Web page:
Quotes of the day

“This order requires that federal agencies ensure that regulations protect our safety, health and environment while promoting economic growth. And it orders a government-wide review of the rules already on the books to remove outdated regulations that stifle job creation and make our economy less competitive. It’s a review that will help bring order to regulations that have become a patchwork of overlapping rules, the result of tinkering by administrations and legislators of both parties and the influence of special interests in Washington over decades…

For instance, the FDA has long considered saccharin, the artificial sweetener, safe for people to consume. Yet for years, the EPA made companies treat saccharin like other dangerous chemicals. Well, if it goes in your coffee, it is not hazardous waste. The EPA wisely eliminated this rule last month…

“We’re also getting rid of absurd and unnecessary paperwork requirements that waste time and money. We’re looking at the system as a whole to make sure we avoid excessive, inconsistent and redundant regulation. And finally, today I am directing federal agencies to do more to account for—and reduce—the burdens regulations may place on small businesses. Small firms drive growth and create most new jobs in this country. We need to make sure nothing stands in their way.”

“Republicans on Capitol Hill immediately protested that they had proposed such an idea in December 2009, and that the White House had sat on the measure for over a year in order to roll it out at a politically opportune moment.

“‘Leader Cantor handed this proposal directly to President Obama at the White House in December 2009 as a part of GOP’s ‘No-Cost Jobs Plan,” said Brad Dayspring, a spokesman for House Majority Leader Eric Cantor, Virginia Republican…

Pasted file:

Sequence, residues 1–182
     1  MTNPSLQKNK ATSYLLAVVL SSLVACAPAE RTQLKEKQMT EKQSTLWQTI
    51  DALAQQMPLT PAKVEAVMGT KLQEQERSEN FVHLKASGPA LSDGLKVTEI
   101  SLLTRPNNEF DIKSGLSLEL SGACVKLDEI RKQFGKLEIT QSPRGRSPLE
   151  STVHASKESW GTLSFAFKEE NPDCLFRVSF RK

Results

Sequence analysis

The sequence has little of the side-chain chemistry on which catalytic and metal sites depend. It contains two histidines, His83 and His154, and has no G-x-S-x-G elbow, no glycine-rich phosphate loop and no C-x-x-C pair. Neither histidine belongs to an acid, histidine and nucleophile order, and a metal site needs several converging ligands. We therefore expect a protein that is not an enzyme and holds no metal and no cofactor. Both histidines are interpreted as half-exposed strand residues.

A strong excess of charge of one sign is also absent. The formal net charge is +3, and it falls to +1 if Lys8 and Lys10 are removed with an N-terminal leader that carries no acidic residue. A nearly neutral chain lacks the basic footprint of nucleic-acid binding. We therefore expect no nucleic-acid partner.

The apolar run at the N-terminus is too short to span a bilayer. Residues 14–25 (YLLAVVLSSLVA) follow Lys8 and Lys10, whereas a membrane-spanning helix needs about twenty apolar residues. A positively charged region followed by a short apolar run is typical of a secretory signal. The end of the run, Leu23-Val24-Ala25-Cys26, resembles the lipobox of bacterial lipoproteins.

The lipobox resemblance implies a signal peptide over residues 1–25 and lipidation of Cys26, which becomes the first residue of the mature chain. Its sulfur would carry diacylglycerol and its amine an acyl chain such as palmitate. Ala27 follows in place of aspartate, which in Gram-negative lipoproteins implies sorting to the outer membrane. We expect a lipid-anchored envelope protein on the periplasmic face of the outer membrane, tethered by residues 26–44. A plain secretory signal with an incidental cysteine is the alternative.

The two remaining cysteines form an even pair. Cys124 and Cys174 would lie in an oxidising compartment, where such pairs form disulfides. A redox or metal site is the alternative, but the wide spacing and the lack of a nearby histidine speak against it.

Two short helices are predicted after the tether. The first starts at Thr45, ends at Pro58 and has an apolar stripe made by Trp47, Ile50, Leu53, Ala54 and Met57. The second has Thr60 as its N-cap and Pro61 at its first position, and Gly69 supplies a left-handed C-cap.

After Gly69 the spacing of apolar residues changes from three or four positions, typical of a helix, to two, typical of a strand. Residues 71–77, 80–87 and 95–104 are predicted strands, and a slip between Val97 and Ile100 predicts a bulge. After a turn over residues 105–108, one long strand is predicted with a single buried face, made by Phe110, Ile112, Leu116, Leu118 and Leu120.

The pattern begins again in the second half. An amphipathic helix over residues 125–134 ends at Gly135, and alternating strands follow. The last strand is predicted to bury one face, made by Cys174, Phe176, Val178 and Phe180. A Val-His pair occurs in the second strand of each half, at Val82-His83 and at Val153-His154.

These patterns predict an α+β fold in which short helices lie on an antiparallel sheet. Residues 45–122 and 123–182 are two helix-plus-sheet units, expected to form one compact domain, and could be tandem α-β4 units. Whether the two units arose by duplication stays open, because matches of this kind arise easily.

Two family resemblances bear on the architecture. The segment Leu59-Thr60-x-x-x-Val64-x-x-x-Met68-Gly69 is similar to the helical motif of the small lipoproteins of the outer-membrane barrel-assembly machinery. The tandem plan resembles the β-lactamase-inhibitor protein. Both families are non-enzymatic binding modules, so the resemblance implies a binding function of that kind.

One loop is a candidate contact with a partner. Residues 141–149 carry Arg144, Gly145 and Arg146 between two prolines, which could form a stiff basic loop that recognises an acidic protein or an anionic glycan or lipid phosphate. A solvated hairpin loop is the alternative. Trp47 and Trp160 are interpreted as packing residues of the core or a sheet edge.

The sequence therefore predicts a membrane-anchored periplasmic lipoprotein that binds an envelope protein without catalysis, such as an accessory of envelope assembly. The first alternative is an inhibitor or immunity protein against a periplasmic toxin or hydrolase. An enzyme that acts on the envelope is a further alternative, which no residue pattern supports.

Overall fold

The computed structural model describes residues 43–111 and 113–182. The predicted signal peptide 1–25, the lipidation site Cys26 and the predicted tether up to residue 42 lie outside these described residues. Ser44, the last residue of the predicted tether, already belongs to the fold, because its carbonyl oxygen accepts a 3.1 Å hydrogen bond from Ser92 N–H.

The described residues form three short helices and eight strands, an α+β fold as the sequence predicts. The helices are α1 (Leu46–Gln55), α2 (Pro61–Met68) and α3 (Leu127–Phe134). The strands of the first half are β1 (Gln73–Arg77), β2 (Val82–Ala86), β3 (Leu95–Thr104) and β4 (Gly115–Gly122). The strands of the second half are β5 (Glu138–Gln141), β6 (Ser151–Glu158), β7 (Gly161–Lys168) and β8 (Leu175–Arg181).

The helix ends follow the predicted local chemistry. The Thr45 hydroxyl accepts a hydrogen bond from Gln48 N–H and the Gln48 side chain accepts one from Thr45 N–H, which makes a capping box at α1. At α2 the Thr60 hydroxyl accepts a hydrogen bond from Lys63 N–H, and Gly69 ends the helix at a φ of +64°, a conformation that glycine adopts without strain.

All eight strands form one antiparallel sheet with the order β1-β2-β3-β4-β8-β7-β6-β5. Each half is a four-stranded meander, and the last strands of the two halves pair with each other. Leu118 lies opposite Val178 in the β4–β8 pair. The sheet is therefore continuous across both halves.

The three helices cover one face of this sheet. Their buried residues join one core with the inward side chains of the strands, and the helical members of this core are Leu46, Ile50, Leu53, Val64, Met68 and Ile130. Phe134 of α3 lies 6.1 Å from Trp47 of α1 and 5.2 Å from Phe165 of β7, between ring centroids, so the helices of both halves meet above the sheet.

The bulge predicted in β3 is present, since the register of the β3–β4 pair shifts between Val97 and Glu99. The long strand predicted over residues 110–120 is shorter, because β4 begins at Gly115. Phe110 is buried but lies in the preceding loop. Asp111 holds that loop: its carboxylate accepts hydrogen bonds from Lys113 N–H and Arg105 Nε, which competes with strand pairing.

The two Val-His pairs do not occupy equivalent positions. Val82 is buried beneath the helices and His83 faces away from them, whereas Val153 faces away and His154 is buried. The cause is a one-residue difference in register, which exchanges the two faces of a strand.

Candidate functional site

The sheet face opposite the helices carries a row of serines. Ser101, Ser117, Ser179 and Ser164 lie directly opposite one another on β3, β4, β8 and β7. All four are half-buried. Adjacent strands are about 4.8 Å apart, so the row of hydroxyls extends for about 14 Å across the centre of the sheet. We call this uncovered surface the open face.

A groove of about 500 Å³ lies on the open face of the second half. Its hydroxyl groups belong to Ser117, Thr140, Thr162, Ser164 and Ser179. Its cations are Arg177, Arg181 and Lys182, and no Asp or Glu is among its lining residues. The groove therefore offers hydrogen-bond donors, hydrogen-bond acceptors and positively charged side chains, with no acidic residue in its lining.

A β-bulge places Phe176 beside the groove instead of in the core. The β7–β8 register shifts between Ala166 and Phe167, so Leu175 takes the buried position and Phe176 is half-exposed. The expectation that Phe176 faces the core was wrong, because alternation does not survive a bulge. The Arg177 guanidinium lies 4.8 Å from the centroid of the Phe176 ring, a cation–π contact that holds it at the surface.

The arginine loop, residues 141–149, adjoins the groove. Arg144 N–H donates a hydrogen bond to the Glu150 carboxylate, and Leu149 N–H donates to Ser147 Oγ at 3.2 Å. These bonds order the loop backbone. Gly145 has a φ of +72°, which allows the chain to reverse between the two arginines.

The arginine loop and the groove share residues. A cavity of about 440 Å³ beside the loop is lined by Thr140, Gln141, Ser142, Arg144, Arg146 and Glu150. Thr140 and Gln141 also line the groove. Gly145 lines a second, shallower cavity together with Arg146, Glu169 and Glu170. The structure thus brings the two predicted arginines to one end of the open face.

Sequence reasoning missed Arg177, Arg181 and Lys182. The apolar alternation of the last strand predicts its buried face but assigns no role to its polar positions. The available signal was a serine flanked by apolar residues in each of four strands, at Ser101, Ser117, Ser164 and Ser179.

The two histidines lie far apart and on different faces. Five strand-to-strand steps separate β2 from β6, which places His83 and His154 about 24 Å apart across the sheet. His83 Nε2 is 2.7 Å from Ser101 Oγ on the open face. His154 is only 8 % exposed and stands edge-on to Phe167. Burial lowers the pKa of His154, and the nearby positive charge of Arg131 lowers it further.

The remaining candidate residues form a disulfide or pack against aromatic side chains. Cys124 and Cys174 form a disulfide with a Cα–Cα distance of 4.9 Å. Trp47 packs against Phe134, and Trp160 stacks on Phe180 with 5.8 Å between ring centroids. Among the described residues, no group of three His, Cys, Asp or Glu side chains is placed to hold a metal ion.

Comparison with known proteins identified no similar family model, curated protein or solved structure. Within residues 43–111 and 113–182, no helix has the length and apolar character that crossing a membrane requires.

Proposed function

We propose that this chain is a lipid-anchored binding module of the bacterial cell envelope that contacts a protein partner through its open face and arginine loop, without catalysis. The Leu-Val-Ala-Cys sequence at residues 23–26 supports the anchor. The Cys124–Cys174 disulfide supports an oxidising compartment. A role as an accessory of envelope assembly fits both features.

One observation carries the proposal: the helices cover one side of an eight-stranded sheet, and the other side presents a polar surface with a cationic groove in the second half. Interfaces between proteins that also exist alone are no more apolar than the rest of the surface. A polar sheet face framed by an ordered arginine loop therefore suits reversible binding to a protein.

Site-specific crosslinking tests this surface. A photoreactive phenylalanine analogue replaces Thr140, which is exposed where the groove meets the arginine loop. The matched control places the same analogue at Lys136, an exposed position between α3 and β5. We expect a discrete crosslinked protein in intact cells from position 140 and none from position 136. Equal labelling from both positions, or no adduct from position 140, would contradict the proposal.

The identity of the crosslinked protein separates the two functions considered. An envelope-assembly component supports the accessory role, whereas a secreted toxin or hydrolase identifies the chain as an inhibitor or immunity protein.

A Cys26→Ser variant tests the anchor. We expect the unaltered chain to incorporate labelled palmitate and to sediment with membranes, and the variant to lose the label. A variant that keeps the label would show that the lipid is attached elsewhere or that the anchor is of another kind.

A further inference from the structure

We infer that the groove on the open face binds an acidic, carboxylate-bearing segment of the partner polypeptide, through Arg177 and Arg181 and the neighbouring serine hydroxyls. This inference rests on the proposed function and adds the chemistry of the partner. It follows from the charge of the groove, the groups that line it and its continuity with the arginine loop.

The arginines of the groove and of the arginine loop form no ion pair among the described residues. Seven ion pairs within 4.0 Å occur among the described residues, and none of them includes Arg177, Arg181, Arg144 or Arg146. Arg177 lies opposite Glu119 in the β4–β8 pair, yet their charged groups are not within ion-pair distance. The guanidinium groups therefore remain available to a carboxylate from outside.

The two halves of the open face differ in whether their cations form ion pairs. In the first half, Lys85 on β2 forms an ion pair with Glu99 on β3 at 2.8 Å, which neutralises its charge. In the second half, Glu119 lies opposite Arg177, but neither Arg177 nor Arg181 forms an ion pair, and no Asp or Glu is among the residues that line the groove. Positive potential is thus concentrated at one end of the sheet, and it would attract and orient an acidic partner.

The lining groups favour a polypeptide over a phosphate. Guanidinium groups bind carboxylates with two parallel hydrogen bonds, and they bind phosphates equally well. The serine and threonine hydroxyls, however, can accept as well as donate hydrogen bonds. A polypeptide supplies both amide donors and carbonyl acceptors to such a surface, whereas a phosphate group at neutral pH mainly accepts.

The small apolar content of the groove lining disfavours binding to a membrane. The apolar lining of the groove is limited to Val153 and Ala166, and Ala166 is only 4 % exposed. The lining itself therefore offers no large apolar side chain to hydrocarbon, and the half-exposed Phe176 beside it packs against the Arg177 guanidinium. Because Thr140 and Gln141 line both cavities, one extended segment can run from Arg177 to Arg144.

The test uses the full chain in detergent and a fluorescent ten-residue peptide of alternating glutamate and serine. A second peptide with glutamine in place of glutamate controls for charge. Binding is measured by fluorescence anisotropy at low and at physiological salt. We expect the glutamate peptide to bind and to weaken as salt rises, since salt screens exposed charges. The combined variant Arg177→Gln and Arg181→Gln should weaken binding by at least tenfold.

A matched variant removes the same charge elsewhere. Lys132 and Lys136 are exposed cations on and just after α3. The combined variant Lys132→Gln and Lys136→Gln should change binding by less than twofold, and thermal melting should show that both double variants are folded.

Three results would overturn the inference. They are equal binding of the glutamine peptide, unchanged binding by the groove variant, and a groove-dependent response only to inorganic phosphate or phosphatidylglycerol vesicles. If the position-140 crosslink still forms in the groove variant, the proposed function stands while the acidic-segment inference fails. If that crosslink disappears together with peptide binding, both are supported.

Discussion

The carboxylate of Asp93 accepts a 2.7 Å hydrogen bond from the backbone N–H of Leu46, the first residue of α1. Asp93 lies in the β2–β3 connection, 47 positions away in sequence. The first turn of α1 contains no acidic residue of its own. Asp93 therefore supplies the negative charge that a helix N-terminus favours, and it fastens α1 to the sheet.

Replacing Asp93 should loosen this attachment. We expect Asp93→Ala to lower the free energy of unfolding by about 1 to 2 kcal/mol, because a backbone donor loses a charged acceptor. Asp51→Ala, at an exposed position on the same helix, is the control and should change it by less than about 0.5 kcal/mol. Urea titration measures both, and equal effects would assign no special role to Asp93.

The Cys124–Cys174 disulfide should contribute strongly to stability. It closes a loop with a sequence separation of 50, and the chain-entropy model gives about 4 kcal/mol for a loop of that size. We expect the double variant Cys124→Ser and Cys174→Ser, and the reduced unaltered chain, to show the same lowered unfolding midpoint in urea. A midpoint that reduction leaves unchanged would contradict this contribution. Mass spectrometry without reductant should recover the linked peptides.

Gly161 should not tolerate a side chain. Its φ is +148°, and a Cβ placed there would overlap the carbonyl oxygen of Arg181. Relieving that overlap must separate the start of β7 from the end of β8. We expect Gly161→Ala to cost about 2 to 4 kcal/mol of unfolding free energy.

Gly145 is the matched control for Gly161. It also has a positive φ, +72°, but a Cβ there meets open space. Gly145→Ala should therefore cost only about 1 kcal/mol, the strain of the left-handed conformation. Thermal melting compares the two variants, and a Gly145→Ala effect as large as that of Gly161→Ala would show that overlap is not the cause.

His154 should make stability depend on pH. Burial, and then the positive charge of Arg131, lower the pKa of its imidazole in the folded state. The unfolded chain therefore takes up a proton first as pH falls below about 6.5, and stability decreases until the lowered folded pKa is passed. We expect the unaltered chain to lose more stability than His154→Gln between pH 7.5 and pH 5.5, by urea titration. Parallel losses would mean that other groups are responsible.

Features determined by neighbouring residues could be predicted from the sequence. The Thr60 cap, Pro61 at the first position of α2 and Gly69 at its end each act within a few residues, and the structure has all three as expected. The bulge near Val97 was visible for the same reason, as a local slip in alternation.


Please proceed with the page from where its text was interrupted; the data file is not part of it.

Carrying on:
“Cantor, a few hours after Obama’s executive order had entered the news cycle, issued a statement applauding Obama’s measure but adding that the government ‘must go further.'”

“So what does Obama see as an example of an excessive regulation needing repeal? The example he offers is the inclusion of the sweetener saccharin in the category of hazardous waste. Really? Saccharin as hazardous waste? Amid dozens of high-stakes, much-studied regulatory controversies, the only one he could come up with is one that — with all due respect to the people who make the little pink packets — is of hardly any significance to the wider economy, and not much more as a matter of principle?

“Even this administration could have made better deregulatory boasts than that. For example, in a fit of sense, the Obama Justice Department a while back adopted regulations specifying that the Americans with Disabilities Act should no longer (as of this March) be interpreted to require restaurants, theaters and other Main Street businesses to admit patrons’ non-canine ‘service animals’ such as monkeys, goats, snakes and spiders.

“But it was almost as if his point was to pick a regulation so minor that no one cared much about it one way or the other. Had the President’s speechwriters been looking for an example of a hazardous-substance rule that would actually get people talking about regulatory overreach, they might have picked EPA’s dairy-spill regulations, which (in the words of one report) ‘treat spilled milk like oil, requiring farmers to build extra storage tanks and form emergency spill plans….’ That one does have big and widespread economic costs.”

“Certainly simplifying the regulatory regime, removing conflicting and overlapping rules, eliminating redundant reporting requirements and moving much of what can be done on-line to that venue would help. But while that may make things more understandable and less onerous to do, it doesn’t really mean that intrusive regulation is going to go away or even be lessened.

“We’re back to how you define such regulation and what level of intrusiveness you believe is too much. There’s no doubt that the Obama administration believes in a level of intrusion far greater than do most on the right…

“So in essence, while the Obama op/ed has all the proper buzz words to attempt to sell it as a pro-business, small government move, it is in fact simply a restatement of an old premise that essentially says ‘government belongs in the areas it is now, we just need to clean it up a little’.”